Northwick Park Hospital security extends to the skies as two birds of prey are recruited to help scare pigeons away.
Clyde and Zeus, respectively, usually patrol the site once a week but pigeons are rarely on the menu with trainer Adam Jarvis ensuring his Harris Hawks aren’t hungry enough to snack on the local population.
“It’s a delicate balance and we weight the birds every day to within a couple of ounces of their optimum weight. Their job is to scare pigeons away, not eat them.”
An estimated one million pigeons roost in London carrying diseases including Listeria and E-coli while their droppings are so acidic they can corrode metal, stone and brickwork.
The hawks – known as ‘pest birds’ in the industry – have to be well trained to both avoid attacking pigeons as well as responding to their trainer’s commands.
Adam, who works for BTP Environmental Services, said: “New birds undergo several months of training so they get used to being around people, traffic and responding to commands. We reinforce them coming back to us by rewarding them with scraps of meat.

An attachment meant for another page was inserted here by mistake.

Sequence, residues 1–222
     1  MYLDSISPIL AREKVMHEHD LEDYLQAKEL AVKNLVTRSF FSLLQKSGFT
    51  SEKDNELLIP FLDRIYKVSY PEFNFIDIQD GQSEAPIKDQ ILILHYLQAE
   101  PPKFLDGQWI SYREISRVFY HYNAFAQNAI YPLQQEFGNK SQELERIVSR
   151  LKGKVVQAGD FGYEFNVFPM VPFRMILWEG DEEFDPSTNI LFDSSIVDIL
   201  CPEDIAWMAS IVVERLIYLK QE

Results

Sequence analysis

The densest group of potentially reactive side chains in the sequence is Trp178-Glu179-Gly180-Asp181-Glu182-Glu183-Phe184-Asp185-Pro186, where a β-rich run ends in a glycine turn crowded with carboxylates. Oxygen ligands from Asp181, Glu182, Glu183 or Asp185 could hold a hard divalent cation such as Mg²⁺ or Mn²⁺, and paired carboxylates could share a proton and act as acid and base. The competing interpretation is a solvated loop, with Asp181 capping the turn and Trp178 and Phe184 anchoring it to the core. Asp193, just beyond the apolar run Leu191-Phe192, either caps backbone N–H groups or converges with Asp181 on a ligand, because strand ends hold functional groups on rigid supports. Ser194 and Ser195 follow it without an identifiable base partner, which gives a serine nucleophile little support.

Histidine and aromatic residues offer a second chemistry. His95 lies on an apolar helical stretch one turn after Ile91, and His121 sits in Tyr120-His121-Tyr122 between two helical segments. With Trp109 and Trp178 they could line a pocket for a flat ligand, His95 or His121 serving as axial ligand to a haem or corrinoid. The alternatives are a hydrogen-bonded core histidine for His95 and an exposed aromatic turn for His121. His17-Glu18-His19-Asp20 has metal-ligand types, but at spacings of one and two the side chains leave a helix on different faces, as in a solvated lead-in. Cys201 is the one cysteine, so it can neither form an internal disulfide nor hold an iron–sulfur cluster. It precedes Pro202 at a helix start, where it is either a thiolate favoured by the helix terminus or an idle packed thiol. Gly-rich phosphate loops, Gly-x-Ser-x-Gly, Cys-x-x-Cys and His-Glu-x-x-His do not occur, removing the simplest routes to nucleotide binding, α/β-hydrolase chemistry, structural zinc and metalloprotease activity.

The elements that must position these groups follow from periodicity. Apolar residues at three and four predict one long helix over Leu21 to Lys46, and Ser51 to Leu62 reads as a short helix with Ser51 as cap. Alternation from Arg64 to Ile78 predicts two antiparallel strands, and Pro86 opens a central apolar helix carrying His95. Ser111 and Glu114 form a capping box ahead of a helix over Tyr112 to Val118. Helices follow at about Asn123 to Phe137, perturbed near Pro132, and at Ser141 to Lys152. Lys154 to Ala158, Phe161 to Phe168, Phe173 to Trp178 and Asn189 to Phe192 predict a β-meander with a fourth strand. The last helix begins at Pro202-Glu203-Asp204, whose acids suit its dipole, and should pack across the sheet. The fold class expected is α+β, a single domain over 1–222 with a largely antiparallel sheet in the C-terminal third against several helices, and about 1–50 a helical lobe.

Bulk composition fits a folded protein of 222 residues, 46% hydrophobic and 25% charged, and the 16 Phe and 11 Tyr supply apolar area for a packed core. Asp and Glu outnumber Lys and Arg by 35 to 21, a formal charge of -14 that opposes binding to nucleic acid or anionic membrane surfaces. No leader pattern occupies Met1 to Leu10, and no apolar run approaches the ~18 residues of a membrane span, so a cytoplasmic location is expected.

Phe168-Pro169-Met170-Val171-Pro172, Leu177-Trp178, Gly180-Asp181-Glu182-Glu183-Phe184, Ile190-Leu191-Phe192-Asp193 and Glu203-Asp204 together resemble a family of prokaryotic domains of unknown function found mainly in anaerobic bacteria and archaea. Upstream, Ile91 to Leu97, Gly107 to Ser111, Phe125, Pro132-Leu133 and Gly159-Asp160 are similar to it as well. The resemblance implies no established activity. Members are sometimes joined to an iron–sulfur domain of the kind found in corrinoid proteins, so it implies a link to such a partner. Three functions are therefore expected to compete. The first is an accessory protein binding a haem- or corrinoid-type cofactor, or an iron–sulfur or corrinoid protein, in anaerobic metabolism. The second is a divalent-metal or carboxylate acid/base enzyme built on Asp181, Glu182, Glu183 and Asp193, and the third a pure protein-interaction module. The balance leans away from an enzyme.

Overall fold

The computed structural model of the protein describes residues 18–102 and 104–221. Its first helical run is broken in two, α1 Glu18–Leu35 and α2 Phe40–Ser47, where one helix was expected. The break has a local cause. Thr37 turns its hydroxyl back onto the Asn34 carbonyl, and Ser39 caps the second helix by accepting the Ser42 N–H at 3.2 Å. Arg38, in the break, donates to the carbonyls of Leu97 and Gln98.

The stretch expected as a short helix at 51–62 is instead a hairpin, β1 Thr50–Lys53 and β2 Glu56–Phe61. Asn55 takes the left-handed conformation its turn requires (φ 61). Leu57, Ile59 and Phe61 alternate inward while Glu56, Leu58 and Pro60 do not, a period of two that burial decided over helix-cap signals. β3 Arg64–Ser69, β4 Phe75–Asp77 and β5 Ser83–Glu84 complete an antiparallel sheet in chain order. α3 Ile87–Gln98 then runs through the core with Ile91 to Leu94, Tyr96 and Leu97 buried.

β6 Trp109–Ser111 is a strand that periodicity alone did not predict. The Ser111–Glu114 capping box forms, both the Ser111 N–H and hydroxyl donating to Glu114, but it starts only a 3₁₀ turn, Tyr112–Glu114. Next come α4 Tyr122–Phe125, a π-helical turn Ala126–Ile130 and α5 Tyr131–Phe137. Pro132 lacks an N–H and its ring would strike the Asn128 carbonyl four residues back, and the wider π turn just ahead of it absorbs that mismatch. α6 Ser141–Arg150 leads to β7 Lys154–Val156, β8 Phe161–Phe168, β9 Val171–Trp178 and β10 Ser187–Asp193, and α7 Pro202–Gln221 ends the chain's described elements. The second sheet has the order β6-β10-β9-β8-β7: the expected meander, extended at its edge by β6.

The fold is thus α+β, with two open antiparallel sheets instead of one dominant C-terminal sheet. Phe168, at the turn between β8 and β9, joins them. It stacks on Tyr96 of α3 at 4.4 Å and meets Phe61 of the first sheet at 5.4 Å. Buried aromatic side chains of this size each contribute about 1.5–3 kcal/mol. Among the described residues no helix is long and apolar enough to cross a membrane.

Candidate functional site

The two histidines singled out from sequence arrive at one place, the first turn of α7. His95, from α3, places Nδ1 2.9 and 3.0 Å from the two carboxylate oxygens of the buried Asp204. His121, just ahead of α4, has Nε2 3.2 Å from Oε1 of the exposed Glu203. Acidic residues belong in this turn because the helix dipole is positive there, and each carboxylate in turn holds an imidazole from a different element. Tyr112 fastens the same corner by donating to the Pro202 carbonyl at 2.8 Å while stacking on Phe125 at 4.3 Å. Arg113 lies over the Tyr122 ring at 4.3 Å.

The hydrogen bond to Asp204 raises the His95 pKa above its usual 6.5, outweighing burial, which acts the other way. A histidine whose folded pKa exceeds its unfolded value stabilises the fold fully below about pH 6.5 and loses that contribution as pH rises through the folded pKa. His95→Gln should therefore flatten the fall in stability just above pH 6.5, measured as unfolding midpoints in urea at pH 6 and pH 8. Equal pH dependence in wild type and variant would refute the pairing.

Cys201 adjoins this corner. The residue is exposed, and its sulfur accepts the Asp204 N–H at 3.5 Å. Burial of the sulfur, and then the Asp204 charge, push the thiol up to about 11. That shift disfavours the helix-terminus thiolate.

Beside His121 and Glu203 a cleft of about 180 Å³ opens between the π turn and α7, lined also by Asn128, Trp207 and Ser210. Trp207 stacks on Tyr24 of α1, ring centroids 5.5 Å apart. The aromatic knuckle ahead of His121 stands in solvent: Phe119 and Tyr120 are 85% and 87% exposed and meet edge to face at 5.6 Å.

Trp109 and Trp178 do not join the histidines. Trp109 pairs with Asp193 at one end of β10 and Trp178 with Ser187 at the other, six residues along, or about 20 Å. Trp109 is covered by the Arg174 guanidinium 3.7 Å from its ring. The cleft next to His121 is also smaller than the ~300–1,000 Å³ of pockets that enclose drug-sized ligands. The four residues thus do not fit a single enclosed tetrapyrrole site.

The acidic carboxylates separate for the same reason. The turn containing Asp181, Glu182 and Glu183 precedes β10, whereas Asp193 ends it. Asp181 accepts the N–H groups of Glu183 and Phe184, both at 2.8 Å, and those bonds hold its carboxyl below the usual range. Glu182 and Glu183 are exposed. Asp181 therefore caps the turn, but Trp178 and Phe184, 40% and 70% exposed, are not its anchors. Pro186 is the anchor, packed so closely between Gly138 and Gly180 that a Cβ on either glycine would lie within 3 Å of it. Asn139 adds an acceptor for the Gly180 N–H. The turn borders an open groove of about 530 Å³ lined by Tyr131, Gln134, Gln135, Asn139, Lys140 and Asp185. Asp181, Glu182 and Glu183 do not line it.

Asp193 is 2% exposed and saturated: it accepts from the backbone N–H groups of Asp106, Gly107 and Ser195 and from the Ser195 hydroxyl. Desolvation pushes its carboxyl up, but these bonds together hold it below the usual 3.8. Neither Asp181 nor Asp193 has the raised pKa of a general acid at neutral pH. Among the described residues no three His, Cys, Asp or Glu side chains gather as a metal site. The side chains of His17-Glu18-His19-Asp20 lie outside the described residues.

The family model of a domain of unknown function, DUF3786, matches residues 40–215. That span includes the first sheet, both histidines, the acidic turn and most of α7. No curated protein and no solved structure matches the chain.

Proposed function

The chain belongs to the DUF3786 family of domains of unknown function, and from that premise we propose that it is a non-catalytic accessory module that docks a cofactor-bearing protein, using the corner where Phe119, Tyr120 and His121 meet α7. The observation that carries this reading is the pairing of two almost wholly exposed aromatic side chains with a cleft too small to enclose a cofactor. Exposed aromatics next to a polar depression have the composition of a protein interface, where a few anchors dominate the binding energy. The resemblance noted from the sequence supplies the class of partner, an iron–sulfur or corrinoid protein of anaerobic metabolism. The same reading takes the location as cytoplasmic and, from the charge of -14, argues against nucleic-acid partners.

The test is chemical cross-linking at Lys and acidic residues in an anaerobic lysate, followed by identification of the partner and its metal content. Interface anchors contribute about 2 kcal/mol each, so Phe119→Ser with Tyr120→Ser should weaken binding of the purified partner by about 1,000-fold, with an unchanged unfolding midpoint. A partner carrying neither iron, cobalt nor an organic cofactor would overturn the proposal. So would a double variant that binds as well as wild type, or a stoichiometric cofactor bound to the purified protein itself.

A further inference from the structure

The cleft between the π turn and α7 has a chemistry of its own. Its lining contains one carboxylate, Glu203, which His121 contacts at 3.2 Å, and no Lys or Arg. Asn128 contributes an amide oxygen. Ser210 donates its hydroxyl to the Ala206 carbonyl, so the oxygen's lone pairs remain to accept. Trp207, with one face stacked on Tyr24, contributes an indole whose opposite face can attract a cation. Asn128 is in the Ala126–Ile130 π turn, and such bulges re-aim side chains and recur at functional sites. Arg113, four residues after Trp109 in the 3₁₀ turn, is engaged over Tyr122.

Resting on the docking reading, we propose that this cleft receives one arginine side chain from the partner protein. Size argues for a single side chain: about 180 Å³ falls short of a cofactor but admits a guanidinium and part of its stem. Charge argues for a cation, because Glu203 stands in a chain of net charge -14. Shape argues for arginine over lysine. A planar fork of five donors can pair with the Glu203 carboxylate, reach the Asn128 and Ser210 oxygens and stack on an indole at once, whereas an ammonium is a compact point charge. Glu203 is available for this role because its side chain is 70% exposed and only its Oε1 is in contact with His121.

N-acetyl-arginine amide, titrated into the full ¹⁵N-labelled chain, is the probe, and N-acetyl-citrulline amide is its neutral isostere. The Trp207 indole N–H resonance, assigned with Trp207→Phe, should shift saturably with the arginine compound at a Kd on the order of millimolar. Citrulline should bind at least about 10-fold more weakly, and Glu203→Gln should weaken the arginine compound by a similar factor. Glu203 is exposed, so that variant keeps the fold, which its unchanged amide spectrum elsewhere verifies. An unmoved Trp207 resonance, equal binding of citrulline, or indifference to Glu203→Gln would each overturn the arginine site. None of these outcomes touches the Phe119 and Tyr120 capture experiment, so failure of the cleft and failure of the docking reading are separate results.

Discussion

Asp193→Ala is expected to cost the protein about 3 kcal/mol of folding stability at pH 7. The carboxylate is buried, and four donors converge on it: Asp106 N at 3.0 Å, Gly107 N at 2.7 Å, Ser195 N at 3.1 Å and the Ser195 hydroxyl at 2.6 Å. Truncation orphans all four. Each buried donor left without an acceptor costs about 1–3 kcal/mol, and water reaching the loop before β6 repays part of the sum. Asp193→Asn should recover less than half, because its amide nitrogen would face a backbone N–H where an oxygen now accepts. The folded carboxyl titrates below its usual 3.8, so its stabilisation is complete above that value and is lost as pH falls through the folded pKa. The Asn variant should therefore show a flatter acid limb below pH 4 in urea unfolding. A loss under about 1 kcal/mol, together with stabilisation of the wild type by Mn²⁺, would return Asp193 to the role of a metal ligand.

“Hawks can see several times as far as the human eye so are always aware of where I am and what I am doing. I normally walk around the hospital site and release the birds when I see a congregation of pigeons.”
The hawks typically fly 4-5 hours a day across various sites but are currently grounded. Clyde is having his yearly feather moult while Zeus is recovering from a broken leg.
“They are both doing well and I am looking forward to going out with them again soon,” added Adam who keeps the pair in his back garden.
His own interest in birds of prey began as a teenage volunteer working at the English School of Falconry where he handled hawks, falcons, owls and a Condor called Tiny.
“I’ve always enjoyed working with birds of prey and had my own long before I joined the company. I’m lucky my day job is also my passion.”